Pro-refugee and anti-immigration groups take turns protesting in Finland

Published September 11th, 2016 - 08:00 GMT
Supporters of Free Movement Group of Finland attend a demonstration at the Finnish Immigration Service headquarters in Helsinki, on September 8, 2016. The asylym seekers demonstrated against the tightened asylum policy of Finland. (AFP/Vesa Moilanen)
Supporters of Free Movement Group of Finland attend a demonstration at the Finnish Immigration Service headquarters in Helsinki, on September 8, 2016. The asylym seekers demonstrated against the tightened asylum policy of Finland. (AFP/Vesa Moilanen)

A group of people have staged a rally in the Finnish capital city of Helsinki to show opposition to the European Union (EU)’s refugee policy and the presence of Muslims in the European country.

The small group of the anti-refugee demonstrators on Saturday waved Finland’s national flags and some of them carried banners demanding a stop to the entry of refugees into the country.

Anti-refugee sentiments have existed side-by-side with pro-refugee attitudes in the European countries that have been receiving irregular asylum-seekers in the recent past. While the EU does allow the refugees in, it subjects them to a rigorous process of qualification assessment that usually results in deporting them.

The Saturday anti-refugee rally in Helsinki was held two days after a pro-refugee rally was staged in the Finnish capital to protest the government’s new draconian measures against incoming refugees.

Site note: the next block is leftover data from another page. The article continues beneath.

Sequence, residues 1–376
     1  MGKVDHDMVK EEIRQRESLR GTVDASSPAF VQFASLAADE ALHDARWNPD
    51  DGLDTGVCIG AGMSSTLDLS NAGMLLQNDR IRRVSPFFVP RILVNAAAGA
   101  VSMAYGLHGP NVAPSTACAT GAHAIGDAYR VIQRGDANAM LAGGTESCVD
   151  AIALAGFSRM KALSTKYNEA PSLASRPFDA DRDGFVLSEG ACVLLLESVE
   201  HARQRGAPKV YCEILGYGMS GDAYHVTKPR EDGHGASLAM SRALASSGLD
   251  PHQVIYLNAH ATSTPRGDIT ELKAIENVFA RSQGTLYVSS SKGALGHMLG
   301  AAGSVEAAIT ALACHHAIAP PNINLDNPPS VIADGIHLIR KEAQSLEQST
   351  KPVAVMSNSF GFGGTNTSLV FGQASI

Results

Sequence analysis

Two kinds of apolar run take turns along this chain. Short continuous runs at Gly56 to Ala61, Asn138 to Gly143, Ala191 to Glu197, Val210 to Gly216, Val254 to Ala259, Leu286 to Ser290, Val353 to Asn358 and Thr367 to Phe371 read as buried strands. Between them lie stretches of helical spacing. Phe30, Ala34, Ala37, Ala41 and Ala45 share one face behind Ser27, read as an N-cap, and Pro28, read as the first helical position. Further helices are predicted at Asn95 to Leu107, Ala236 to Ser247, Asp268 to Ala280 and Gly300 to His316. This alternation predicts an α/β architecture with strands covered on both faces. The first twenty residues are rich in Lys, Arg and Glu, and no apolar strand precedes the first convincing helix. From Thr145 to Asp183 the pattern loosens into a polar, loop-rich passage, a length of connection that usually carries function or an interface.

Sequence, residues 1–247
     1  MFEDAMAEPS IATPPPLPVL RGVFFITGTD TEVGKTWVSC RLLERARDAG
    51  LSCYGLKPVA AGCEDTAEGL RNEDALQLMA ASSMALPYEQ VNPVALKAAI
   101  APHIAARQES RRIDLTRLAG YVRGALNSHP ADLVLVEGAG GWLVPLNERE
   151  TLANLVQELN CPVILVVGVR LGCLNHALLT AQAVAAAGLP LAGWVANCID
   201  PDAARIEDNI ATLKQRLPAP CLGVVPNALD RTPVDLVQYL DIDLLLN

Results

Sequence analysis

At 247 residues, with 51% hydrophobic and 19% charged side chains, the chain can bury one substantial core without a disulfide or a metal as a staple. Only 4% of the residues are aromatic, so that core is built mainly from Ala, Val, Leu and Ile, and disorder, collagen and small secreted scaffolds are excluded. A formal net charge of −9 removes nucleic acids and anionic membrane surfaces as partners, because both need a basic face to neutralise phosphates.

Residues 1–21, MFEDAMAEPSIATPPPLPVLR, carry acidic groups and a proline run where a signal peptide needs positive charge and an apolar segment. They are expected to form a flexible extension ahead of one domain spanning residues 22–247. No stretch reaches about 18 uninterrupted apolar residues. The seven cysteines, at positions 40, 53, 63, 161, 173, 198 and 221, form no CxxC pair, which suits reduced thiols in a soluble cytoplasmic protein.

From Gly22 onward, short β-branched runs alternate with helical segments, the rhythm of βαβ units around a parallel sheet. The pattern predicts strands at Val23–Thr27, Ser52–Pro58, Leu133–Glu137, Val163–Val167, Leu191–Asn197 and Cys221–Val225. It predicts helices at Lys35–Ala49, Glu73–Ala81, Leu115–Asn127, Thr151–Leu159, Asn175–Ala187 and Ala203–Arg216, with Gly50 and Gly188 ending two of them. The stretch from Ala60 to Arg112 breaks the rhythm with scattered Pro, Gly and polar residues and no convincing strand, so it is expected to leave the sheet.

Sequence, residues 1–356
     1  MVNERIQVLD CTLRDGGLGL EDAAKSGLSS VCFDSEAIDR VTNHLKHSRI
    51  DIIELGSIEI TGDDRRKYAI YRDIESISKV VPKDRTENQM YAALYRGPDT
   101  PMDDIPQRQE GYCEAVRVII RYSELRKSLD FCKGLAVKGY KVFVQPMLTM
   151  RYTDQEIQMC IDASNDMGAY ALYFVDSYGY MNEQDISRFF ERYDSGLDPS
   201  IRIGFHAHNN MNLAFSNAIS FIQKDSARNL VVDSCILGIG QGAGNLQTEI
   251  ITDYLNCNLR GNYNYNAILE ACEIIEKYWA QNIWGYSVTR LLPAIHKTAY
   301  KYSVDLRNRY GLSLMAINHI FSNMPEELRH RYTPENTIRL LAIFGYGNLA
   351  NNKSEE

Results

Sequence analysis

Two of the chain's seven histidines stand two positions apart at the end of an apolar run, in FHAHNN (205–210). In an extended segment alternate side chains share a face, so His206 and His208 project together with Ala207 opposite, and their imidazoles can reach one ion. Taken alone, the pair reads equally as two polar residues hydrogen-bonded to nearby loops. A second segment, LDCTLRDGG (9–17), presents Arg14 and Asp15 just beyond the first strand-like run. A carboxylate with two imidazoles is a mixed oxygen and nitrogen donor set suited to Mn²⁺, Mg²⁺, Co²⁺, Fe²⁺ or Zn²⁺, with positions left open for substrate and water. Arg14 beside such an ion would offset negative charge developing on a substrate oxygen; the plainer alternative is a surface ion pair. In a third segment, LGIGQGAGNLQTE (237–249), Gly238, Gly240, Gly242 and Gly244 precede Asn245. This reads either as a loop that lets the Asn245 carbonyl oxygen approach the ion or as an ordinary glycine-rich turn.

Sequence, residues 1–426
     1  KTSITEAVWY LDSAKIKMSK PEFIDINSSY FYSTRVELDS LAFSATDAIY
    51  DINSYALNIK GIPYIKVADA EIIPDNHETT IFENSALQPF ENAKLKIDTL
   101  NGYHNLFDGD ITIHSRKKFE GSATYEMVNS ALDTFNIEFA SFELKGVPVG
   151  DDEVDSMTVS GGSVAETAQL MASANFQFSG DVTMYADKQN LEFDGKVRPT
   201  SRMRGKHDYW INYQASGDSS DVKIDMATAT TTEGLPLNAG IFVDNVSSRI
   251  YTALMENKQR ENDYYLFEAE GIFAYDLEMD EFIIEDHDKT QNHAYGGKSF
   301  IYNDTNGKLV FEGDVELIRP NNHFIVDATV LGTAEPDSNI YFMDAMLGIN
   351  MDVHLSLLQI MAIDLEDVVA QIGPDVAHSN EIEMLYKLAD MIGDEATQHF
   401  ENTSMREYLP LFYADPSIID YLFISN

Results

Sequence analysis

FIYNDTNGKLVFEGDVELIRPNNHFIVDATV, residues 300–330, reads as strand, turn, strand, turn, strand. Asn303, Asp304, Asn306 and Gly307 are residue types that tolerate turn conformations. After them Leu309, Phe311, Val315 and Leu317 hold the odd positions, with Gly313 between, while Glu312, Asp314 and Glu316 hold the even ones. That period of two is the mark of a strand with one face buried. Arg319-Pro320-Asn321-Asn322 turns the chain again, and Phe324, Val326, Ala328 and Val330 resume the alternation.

The refugees arriving in Europe are mostly fleeing war and persecution in the Middle East and North Africa.

The Finnish Immigration Service had claimed in May that the security situation in conflict-stricken countries such as Afghanistan, Iraq and Somalia had improved; therefore, it had said, the refugees hailing from these countries needed to prove they were presently in danger in order to qualify for refugee status.

Under the new stringent measures, Finnish authorities rejected many of the asylum-seekers who had been originally allocated by EU authorities to the North European country.

More than 75 percent of the Iraqi refugees in Finland were ordered to be deported to their country of origin, which was deemed “safe” by Finnish officials.


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